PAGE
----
Matching fusion protein systems for affinity analysis of two interacting families of proteins: The cohesin-dockerin interaction

Yoav Barak, Tal Handelsman, David Nakar, Adva Mechaly, Raphael Lamed, Yuval Shoham, Edward A. Bayer

Research output: Contribution to journalArticlepeer-review


Cellulosomes are multi-enzyme complexes that orchestrate the efficient degradation of cellulose and related plant cell wall polysaccharides. The complex is maintained by the high-affinity protein-protein interaction between two complementary modules: the cohesin and the dockerin. In order to characterize the interaction between different cohesins and dockerins, we have developed matching fusion-protein systems, which harbor either the cohesin or the dockerin component. For this purpose, corresponding plasmid cassettes were designed, which encoded for the following carrier proteins: (i) a thermostable xylanase with an appended His-tag; and (ii) a highly stable cellulose-binding module (CBM). The resultant xylanase-dockerin and CBM-cohesin fusion products exhibited high expression levels of soluble protein. The expressed, affinity-purified proteins were extremely stable, and the functionality of the cohesin or dockerin component was retained. The fusion protein system was used to establish a sensitive and reliable, semi-quantitative enzyme-linked affinity assay for determining multiple samples of cohesin-dockerin interactions in microtiter plates. A variety of cohesin-dockerin systems, which had been examined previously using other methodologies, were revisited applying the affinity-based enzyme assay, the results of which served to verify the validity of the approach.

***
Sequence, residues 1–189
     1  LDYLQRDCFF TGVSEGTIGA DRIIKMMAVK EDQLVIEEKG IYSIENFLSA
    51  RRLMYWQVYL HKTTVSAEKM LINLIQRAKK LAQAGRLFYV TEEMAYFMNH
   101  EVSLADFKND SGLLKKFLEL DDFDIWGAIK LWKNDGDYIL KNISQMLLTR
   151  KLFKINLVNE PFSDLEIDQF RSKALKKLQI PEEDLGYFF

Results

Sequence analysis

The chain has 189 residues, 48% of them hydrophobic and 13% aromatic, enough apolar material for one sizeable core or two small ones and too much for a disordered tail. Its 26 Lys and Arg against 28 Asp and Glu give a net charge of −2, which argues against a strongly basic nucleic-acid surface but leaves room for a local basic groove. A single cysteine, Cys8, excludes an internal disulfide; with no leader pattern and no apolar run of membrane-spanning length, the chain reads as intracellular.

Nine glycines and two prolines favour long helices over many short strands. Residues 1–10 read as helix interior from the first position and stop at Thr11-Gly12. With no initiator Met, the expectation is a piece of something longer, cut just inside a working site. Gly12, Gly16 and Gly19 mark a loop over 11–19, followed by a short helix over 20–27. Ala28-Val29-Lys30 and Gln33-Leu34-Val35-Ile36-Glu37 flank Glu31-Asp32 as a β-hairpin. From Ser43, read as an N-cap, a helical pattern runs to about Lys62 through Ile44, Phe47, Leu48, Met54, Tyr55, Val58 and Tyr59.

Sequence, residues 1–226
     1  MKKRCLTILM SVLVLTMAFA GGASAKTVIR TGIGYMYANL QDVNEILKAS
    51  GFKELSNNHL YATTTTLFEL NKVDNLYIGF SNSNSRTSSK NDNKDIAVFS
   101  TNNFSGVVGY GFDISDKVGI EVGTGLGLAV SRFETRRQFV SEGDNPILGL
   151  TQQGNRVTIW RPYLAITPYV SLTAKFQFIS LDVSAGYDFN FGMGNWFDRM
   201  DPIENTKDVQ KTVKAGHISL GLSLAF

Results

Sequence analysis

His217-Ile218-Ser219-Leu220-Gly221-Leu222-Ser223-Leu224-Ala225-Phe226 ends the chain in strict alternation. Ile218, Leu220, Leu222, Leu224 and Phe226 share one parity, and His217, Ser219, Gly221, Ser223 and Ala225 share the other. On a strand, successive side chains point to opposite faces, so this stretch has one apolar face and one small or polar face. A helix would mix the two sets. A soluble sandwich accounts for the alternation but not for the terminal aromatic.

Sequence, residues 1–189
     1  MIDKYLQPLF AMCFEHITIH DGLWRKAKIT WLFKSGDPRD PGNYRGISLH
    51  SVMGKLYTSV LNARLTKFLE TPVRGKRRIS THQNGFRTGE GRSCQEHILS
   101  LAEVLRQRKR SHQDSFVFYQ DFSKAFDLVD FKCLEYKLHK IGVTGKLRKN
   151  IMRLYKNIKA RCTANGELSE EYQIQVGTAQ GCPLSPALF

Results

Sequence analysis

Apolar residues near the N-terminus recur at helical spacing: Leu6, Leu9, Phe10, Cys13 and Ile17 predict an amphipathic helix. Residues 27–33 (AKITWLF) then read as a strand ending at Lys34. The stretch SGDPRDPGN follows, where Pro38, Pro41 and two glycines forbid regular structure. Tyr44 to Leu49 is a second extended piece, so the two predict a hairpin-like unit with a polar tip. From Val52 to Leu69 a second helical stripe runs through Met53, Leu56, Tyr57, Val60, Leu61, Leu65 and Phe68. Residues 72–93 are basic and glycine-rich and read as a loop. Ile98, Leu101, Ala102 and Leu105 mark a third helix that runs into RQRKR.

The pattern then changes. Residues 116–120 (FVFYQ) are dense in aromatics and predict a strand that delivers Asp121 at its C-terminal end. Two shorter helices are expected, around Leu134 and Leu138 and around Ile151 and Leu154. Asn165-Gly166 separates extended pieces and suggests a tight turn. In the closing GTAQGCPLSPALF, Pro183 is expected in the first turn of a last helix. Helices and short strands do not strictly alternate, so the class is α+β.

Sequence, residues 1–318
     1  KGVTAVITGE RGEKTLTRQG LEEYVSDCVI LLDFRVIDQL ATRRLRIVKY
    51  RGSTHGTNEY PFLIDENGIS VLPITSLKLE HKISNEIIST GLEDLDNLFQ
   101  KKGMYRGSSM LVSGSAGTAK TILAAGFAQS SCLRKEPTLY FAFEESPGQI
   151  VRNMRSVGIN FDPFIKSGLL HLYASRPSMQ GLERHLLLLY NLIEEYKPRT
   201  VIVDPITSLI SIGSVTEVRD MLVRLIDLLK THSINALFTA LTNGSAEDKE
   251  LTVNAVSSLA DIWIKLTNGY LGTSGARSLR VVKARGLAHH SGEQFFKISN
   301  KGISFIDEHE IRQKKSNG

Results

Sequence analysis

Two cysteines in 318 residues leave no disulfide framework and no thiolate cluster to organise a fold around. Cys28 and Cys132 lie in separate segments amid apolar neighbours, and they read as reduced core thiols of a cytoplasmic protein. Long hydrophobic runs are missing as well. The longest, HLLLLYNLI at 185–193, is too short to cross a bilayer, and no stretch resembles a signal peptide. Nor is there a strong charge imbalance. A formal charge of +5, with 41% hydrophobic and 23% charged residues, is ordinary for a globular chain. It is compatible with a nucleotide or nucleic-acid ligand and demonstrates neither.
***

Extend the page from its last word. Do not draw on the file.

Original languageEnglish
Pages (from-to)491-501
Number of pages11
JournalJournal of Molecular Recognition
Issue number6
StatePublished - Nov 2005


  • Cellulosome
  • Modular proteins
  • Multi-protein complex
  • Protein families
  • Protein-protein interactions


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